Archives for February 2014
You need change…so do I.
That’s why in this post I decided to try my hand at a bit of poetry to answer the question “why do CPAs take so long to file their own taxes?”
Good question but I have to warn you the answer won’t be what you think. There’s no secret hidden tax benefit which only the CPAs qualify to receive. As awesome as that would be, no such luck for us noble number crunchers. The secret answer is actually much simpler than that.
What do you think? Does this apply to you or someone you know? Do I have a shot at another career? Let me know in the comments!
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Last week, I logged into LinkedIn looking for someone’s email address and after going to the contacts section and pulling up the person’s name, I noticed something different about the interface. It contained some information that it didn’t have previously, but as I looked at it I thought this could be just what I need. Some months back LinkedIn introduced a mobile app called LinkedIn contacts that was intended to help users manage their networks. I didn’t spend a lot of time with it but in my limited interaction with it I couldn’t see how it worked together with the web platform. That part hasn’t changed but the web platform now has its own contacts management functionality that has potential. So let’s have a look at what changed and how you can use it stay better connected with your network.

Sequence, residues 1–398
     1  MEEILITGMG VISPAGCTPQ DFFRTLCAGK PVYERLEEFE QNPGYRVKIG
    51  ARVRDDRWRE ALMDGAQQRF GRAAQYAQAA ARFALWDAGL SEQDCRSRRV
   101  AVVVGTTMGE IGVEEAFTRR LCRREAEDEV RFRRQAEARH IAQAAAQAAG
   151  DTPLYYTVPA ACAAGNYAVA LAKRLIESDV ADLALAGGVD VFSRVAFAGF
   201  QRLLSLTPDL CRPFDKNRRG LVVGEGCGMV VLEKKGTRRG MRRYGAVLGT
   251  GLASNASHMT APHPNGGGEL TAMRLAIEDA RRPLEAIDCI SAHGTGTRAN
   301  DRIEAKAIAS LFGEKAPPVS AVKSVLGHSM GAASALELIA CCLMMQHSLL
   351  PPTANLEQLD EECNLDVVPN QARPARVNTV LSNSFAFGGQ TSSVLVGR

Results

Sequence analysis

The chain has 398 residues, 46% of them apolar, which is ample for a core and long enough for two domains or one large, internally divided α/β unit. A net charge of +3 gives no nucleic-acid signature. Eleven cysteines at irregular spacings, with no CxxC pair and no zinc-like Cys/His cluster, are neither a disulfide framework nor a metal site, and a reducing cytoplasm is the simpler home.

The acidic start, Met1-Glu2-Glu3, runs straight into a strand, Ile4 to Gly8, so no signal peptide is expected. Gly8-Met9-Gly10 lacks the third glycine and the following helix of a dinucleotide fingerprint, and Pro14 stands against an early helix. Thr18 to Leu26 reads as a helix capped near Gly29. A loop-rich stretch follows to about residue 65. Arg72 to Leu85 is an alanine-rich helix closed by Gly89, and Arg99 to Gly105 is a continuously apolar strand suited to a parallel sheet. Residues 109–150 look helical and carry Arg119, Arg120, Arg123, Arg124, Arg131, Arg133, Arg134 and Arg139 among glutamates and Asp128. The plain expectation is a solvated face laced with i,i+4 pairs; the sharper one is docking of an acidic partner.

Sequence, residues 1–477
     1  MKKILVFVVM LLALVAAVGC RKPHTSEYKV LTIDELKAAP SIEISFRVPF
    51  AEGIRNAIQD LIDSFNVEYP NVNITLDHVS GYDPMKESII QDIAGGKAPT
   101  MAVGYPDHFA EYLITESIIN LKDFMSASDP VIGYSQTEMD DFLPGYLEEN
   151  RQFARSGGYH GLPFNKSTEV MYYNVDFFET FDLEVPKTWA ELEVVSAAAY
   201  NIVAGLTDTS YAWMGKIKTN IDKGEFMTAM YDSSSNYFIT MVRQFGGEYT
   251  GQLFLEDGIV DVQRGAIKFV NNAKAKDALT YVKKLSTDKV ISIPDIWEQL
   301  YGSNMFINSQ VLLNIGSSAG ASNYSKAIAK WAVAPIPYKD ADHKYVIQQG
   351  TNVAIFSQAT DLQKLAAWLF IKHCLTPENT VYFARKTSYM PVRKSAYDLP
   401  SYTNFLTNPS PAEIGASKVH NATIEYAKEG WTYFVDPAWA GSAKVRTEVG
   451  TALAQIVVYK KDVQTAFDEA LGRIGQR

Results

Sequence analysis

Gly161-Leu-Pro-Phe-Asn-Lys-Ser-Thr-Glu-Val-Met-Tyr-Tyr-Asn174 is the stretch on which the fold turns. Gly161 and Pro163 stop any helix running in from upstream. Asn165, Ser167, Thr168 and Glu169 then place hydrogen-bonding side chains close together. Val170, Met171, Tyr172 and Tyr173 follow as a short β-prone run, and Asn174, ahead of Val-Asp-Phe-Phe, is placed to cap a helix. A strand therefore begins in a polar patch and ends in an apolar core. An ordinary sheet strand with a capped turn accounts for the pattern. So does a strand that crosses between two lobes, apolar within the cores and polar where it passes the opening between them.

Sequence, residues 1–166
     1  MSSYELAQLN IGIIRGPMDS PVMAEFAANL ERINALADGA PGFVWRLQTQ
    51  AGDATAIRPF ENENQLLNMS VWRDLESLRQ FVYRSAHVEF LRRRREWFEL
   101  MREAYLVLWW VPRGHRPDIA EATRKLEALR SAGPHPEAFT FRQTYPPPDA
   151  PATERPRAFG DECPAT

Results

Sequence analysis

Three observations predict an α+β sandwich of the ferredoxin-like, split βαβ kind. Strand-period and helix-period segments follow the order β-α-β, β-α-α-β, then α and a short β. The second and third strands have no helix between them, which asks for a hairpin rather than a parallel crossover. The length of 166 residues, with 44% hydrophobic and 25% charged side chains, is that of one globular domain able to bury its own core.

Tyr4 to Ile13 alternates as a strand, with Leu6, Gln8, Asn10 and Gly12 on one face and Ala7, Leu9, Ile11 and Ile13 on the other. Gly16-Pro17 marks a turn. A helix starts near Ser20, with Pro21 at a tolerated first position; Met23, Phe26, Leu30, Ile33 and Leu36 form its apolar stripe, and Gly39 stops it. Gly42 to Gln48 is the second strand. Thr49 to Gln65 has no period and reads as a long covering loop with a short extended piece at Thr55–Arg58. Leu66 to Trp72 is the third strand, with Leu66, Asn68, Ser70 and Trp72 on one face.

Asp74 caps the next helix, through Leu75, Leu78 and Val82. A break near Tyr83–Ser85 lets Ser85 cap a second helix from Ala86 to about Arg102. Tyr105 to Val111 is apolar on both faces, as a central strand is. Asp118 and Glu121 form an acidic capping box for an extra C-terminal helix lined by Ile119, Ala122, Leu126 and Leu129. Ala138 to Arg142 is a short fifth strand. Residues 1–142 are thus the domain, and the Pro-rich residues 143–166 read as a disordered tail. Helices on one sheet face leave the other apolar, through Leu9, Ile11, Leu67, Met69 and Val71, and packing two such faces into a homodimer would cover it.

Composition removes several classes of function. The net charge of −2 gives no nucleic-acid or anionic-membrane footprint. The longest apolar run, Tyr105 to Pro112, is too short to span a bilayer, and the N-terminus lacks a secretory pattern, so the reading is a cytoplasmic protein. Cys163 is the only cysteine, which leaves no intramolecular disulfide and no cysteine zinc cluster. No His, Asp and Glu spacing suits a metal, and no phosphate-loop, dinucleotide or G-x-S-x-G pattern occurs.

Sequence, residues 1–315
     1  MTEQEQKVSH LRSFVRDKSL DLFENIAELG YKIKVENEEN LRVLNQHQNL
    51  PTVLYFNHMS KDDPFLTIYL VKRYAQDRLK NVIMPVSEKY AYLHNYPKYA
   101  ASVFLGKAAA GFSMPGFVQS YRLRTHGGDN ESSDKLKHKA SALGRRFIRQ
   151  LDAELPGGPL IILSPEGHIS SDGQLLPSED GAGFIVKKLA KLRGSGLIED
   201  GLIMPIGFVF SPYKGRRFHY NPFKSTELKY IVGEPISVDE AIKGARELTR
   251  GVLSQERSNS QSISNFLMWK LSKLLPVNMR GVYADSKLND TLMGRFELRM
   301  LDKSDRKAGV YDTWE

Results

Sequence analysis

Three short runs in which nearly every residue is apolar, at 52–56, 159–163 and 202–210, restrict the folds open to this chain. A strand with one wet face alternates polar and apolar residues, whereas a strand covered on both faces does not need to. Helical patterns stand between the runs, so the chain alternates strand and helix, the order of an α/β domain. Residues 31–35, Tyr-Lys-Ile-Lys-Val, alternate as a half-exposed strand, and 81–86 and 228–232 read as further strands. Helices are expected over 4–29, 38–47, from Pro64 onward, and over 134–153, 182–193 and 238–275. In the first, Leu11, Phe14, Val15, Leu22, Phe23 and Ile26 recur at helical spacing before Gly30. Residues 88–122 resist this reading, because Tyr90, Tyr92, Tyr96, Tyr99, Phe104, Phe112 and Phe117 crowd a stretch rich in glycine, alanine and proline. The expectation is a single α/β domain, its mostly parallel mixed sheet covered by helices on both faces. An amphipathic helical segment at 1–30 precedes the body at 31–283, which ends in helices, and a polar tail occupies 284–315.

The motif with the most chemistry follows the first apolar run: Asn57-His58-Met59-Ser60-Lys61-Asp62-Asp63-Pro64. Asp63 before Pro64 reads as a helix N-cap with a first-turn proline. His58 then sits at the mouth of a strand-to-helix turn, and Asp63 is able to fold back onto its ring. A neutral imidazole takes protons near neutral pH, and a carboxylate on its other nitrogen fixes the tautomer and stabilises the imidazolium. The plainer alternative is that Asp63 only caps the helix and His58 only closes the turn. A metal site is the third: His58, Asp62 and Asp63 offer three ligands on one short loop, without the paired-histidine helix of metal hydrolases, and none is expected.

When you got into a contact’s profile now the below picture is now what you see. I’ve marked it up with red numbers to reference back to this image later in the post. Some of the information existed before but it’s now in a format which makes a much more sense for users to get some insight from the information. In addition to the tag, a few new sections now play a prominent role on the page. I’ll go through each section in more detail to describe how you can start using them to better manage your network.
Note – a free text field for entering comments